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Two-Thirds of People Evade Coverage After Medicaid Disenrollment

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By Jacqueline LaPointe

– In a year after Medicaid disenrollment, about two-thirds of people had a period of uninsurance, according to a recent analysis from Kaiser Family Foundation (KFF).

The Families First Coronavirus Response Act (FFCRA) required Medicaid programs to keep people continuously enrolled in exchange for federal funding, leading to significant increases in Medicaid enrollment during the pandemic and, therefore, decreases in the uninsured rates.

However, the temporary continuous enrollment required is slated to end on March 31, 2023, with enhanced federal Medicaid matching funding to follow that year. Millions of people could lose Medicaid, causing more people to become uninsured this year.

KFF analyzed pre-pandemic data from the 2016 through 2019 us Medical Expenditure Panel Survey (MEPS) to determine the extent to which people enroll in and retain other coverage in a year following disenrollment from Medicaid and Children’s Health Insurance Program. Most people had a period of uninsurance, with 17 percent remaining uninsured for the full year.

The analysis found that 16 percent of people had another source of coverage sometime during that year, and 33 percent eventually re-enrolled in Medicaid or CHIP before the end of that year.

Just 35 percent of Medicaid/CHIP enrollees maintained coverage during the full year after disenrollment, KFF reported. Most of these people enrolled in another source of coverage for the full year (26 percent), while the others had another source of coverage for some of the year but also re-enrolled in Medicaid/CHIP before the year ended (9 percent).

The findings indicate that “many people do not transition to and retain other coverage after they disenroll from Medicaid/CHIP,” KFF said.

Researchers also estimated that between 5 million and 14 million will lose Medicaid coverage when states have to unwind the continuous enrollment provision later this year.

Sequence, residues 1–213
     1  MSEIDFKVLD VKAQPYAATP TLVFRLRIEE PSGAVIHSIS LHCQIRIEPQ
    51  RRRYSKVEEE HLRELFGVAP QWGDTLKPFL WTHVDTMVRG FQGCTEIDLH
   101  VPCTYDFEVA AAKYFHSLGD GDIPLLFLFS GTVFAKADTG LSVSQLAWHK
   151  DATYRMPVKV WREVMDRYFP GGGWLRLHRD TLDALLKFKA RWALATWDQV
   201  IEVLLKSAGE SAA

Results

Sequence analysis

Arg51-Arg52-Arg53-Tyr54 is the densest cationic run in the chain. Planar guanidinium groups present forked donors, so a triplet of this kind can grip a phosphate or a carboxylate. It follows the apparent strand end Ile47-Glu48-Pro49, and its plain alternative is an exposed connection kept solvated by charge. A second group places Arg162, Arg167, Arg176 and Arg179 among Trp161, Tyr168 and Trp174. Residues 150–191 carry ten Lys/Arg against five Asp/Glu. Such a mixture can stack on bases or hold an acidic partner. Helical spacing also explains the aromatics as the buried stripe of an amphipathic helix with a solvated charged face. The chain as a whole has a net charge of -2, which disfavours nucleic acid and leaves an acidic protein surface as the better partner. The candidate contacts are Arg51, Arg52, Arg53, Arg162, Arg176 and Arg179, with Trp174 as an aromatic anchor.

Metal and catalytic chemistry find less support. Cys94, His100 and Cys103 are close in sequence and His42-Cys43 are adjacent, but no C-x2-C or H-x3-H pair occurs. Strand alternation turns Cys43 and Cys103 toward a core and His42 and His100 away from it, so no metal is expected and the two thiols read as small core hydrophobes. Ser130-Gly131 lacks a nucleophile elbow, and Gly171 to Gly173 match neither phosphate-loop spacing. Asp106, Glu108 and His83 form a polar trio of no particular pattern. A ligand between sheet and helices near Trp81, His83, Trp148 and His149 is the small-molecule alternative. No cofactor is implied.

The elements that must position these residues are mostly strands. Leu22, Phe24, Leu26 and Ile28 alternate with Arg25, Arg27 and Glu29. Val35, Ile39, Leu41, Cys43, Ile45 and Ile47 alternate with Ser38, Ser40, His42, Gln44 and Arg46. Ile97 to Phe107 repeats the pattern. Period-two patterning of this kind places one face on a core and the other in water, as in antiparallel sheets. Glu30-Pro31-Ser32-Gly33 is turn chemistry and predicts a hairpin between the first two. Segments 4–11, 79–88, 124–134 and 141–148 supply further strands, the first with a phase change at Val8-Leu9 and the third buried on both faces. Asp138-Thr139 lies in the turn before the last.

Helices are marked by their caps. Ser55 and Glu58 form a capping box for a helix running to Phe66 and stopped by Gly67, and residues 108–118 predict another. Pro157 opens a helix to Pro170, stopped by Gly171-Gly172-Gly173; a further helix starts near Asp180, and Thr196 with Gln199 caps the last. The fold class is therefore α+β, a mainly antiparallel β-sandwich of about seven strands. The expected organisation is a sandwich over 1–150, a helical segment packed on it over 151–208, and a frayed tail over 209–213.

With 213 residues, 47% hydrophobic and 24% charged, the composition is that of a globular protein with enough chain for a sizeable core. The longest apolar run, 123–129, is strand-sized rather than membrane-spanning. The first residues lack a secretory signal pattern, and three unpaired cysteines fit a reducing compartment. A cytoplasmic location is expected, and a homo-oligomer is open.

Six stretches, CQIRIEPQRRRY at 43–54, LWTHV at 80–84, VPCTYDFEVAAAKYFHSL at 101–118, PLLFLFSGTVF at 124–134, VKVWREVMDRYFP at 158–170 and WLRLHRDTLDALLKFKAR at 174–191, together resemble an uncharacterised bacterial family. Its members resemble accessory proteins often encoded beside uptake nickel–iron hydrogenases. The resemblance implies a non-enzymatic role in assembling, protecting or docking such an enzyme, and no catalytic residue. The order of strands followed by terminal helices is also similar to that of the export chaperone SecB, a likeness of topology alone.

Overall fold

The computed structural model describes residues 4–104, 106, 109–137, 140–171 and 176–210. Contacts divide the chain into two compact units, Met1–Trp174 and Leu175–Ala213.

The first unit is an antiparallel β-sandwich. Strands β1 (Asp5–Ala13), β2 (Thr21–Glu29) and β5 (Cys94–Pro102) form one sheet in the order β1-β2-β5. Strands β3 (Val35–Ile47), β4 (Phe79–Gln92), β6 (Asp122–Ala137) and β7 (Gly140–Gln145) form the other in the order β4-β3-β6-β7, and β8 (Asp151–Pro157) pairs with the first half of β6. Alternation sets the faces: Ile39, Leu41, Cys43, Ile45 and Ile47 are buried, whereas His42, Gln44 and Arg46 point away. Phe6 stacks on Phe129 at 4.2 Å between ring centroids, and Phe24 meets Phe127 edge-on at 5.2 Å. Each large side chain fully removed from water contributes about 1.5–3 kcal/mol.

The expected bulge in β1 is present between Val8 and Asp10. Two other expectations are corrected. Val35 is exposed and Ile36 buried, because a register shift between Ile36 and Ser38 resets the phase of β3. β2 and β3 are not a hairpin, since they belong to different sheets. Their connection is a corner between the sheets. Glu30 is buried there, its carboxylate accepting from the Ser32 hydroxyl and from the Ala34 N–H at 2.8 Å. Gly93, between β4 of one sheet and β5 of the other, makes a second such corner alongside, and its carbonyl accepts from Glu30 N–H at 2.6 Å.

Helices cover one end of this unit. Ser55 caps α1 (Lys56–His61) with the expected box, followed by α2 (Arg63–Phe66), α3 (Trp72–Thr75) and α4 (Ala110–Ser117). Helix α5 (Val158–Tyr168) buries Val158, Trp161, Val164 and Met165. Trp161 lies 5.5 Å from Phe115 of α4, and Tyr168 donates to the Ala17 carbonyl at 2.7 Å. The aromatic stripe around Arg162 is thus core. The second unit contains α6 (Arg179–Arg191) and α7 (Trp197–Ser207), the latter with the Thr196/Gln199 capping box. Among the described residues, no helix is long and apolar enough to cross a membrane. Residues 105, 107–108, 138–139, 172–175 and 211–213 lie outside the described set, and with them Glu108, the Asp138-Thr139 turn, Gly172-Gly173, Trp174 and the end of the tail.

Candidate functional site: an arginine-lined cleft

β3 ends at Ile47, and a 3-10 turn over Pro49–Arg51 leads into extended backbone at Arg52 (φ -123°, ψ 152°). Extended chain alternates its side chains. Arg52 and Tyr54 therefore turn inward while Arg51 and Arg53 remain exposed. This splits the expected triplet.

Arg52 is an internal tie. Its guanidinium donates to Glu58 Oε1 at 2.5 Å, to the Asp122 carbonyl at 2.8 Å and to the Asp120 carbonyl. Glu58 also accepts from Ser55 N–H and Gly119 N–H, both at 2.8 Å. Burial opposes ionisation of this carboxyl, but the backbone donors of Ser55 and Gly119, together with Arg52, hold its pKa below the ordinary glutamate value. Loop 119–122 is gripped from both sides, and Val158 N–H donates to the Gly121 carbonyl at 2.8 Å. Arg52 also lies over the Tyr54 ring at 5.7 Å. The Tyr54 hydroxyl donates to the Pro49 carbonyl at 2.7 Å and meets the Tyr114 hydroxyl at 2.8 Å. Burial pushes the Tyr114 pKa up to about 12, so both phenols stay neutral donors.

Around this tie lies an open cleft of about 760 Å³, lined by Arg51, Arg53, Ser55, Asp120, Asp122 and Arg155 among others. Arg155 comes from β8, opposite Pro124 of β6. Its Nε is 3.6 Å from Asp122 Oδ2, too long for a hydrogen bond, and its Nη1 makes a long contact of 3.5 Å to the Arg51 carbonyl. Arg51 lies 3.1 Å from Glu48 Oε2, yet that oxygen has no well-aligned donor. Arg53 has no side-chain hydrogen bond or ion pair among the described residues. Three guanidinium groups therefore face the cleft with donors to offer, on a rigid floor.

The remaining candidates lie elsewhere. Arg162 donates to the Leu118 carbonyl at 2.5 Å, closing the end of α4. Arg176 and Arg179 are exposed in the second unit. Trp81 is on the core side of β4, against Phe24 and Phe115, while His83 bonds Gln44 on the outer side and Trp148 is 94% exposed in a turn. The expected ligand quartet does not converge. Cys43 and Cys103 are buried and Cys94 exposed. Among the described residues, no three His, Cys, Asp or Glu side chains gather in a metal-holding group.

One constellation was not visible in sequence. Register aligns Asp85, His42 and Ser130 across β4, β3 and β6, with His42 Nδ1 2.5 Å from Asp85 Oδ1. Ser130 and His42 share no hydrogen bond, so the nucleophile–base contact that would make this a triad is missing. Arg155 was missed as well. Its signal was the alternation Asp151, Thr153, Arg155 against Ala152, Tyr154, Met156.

“Beginning April 1, 2023, states can resume disenrollments for the first time since March 2020,” KFF stated in the analysis. “Some of the people who will be disenrolled during the unwinding will be ineligible and will become uninsured if they do not transition to other coverage. Others will lose coverage for administrative reasons despite still being eligible.”

A major difference between people facing typical Medicaid disenrollment and those who will be disenrolled after pandemic-era provisions expire is that continuous enrollment led to more Medicaid enrollees also being enrolled in private insurance. This should reduce some coverage disruptions in 2023, KFF predicted.

Unwinding continuous enrollment will have several consequences, including lost revenue for providers, the Commonwealth Fund reports.

“Grant funding, while vital, represents only a small fraction of operating revenue; Medicaid is a key source of funding. Revenue loss could grow if states also eliminate telehealth services tied to the [public health emergency], which many beneficiaries depend on. Lost Medicaid revenue will coincide with the loss of supplemental pandemic-related grant funding for safety-net providers, as no new provider relief funds have been approved in 2022.”

Patients will also lose access to specialized care through provider networks tied to their membership in managed care plans, Commonwealth Fund says.

“Patients’ relationships with core safety-net providers will survive because these providers have a mission to serve patients regardless of insurance status or ability to pay. But getting specialized off-site care, such as advanced cardiac services or mental health and addiction treatment, will be a struggle.”

Commonwealth Funds says the “stakes are high” since 90 percent of community health centers expect their patients to forgo care if they lose coverage.

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